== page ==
AS we get further along the electric road, the cars will start to look and drive better. The process has already begun.
From the early days of glorified golf carts posing as ugly smart cars, the designs have improved and range anxiety alleviated as improved batteries and quicker charging options are put into place.
On the tail of the awkward BMW i3 rolled in the sleek, limited BMW i8; an early candidate for its electrifying shape and performance. More recently, the Taycan surfaced, more in keeping with the Porsche family look, and also at quite a steep price. But now with the Audi e-tron GT another sleek sports model wants to light the way, as will many others down the line.
Meanwhile, on the utilitarian front, most brands have an EV on offer, so there’s a lot to choose from.
While electrification may suggest some degree of uniform behaviour in the EV category, it’s proving to be not quite the case. The various brands that want to make a difference are putting in more effort to develop cars that deliver range, connectivity and a unique driving experience.
Coming Round With The Benz
The Mercedes-Benz EQC is the first model under the EQC sub-brand and sends a strong message towards its Ambition2039 goal to have a fully networked and completely carbon neutral fleet in 18 years.
With a total combined output of 300kW and 760Nm of torque available, this crossover SUV sports a healthy 420km range for a full charge, which can take from 7.5 hours if you’re using the 11kW AC charger to 40 minutes with the 110kW DC charger.
New Design Language
The all-new design language in use for the EQ series still comes across as a toned down take on current family lines of the three-point star. The front features a prominent grille — though you don’t require one in an EV since there isn’t an engine to cool down — with horizontal louvres surrounding the prominent logo. The MULTIBEAM LED headlamps with blue markings — the electric colour — are connected by a black panel that makes for greater presence.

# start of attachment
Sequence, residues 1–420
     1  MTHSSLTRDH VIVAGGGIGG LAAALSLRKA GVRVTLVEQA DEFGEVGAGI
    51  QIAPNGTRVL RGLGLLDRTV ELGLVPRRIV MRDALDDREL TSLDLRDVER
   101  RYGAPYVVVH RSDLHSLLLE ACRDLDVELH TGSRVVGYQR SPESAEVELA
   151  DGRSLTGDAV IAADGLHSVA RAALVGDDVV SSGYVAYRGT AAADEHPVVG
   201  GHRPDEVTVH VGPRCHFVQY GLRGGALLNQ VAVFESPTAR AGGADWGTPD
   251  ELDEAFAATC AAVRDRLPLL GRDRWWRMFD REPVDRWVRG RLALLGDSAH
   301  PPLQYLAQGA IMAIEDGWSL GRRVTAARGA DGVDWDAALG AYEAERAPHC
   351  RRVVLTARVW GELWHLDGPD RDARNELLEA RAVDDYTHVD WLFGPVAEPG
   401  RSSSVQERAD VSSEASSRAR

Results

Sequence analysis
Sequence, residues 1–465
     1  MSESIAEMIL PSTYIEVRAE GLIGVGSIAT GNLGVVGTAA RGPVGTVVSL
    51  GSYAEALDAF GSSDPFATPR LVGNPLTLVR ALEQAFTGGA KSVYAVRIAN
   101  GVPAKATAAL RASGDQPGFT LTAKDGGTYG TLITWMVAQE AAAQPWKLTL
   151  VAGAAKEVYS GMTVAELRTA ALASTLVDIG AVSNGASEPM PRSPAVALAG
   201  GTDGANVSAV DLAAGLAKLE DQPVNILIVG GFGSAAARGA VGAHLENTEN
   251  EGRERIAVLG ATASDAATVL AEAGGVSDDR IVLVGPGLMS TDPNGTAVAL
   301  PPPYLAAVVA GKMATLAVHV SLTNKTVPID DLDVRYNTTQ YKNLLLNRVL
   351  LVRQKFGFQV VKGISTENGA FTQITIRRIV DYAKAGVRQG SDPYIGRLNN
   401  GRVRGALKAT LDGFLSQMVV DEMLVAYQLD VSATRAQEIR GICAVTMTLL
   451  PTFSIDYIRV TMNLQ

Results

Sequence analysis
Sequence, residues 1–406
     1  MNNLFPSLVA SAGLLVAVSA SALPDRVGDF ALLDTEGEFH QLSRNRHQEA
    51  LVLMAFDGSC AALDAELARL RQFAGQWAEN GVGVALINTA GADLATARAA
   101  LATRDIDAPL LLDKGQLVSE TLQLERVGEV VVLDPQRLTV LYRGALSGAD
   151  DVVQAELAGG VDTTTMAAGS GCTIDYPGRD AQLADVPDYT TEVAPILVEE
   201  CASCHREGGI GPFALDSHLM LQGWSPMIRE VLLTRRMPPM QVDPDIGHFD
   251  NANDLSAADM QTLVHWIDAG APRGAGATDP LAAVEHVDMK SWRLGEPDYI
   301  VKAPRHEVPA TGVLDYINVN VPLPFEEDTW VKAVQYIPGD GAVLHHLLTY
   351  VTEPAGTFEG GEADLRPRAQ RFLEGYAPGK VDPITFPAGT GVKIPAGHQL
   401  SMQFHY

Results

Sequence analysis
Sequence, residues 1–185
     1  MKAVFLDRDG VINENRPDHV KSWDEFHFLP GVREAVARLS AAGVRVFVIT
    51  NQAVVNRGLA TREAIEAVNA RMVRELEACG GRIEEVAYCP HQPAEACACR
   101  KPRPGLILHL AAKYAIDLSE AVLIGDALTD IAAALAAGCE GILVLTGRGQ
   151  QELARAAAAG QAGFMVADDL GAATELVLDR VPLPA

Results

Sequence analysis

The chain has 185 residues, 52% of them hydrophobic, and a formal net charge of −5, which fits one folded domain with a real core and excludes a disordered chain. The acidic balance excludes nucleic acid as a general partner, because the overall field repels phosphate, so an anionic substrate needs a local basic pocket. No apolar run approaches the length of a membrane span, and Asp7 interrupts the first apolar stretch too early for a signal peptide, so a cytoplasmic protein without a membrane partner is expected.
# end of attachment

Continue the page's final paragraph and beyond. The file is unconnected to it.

The relatively clean bonnet leads into a rising cabin that tapers off into a slight coupe-like slope. The back is relatively flat, with the tail lights connected by a red strip.
This design form is part of Mercedes-Benz’s Progressive Luxury, which, in this case, must be at the start point of the progression.
It’s pleasant to look at, and is capable of serving well as an SUV, with a large boot and enough space within for occupants to have a comfortable journey.
The interior is a bit more progressive, opting for textures and finishes to break away from the usual cliched pared-down design language that seems to be associated with electric vehicles.
But then, bearing in mind this EQC is going to cost you upwards of *$320,000 you would expect more thought and craft to be injected into its creation.
The interior has Mercedes-Benz elements to keep existing customers in familiar surroundings. But even so, the use of different textures moves towards a more contemporary profile. The grooved door trimmings, the copper coloured air-con vents and the fabric like texture of the dashboard covering are unexpected touches that come together neatly.
Equipped with its MBUX multimedia system, the long display spanning a significant portion of the dashboard, colourfully offers a plethora of information about the car — assistance features, vehicle status, lights, and so on. It also provides charging options and you have consumption data and energy flow to help you understand how you can be a more efficient driver.
The multifunction steering wheel echoes some of these features, limited to immediate access to phone calls, volume and cruise controls. A sensor — a small square patch — gets in the way of big-palmed drivers, shifting some displays unexpectedly.
Like most EVs there’s instant, albeit silent, speed to be enjoyed. Swiftly gliding from standstill to 100kmh in just over 5 seconds, the EQC is steady as she flows. A slight rocking due to the larger profile is evident in most SUVs, but not a deal breaker in this instance.
The EQC is comfortable to handle, with enough power to take you past slower vehicles, and delivering a smile on more energised drives.
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The instrument cluster behaves dynamically, depending on the drive mode selected, and your speed. A warning perhaps?
The paddle shifters on the steering wheel allow you to decelerate — in two steps — and return to normal drive by adjusting the recuperation level. This is way more convenient that dropping gears in a petrol engine, where you have to go gear hunting at times.
And the EQC is pretty responsive as it sharply navigates the bends without compromising on comfort.
Safety is taken to new levels with EVs, and the EQC protects the 652kg lithium-ion battery in the floor and all components carrying electrical current beyond legal requirements.
You can see the potential of EVs in the automotive landscape, though there still needs to be more thought about incentives and pricing for greater adoption.
MERCEDES-BENZ EQC 400 4MATIC RATING
*Please reconfirm price with dealer.
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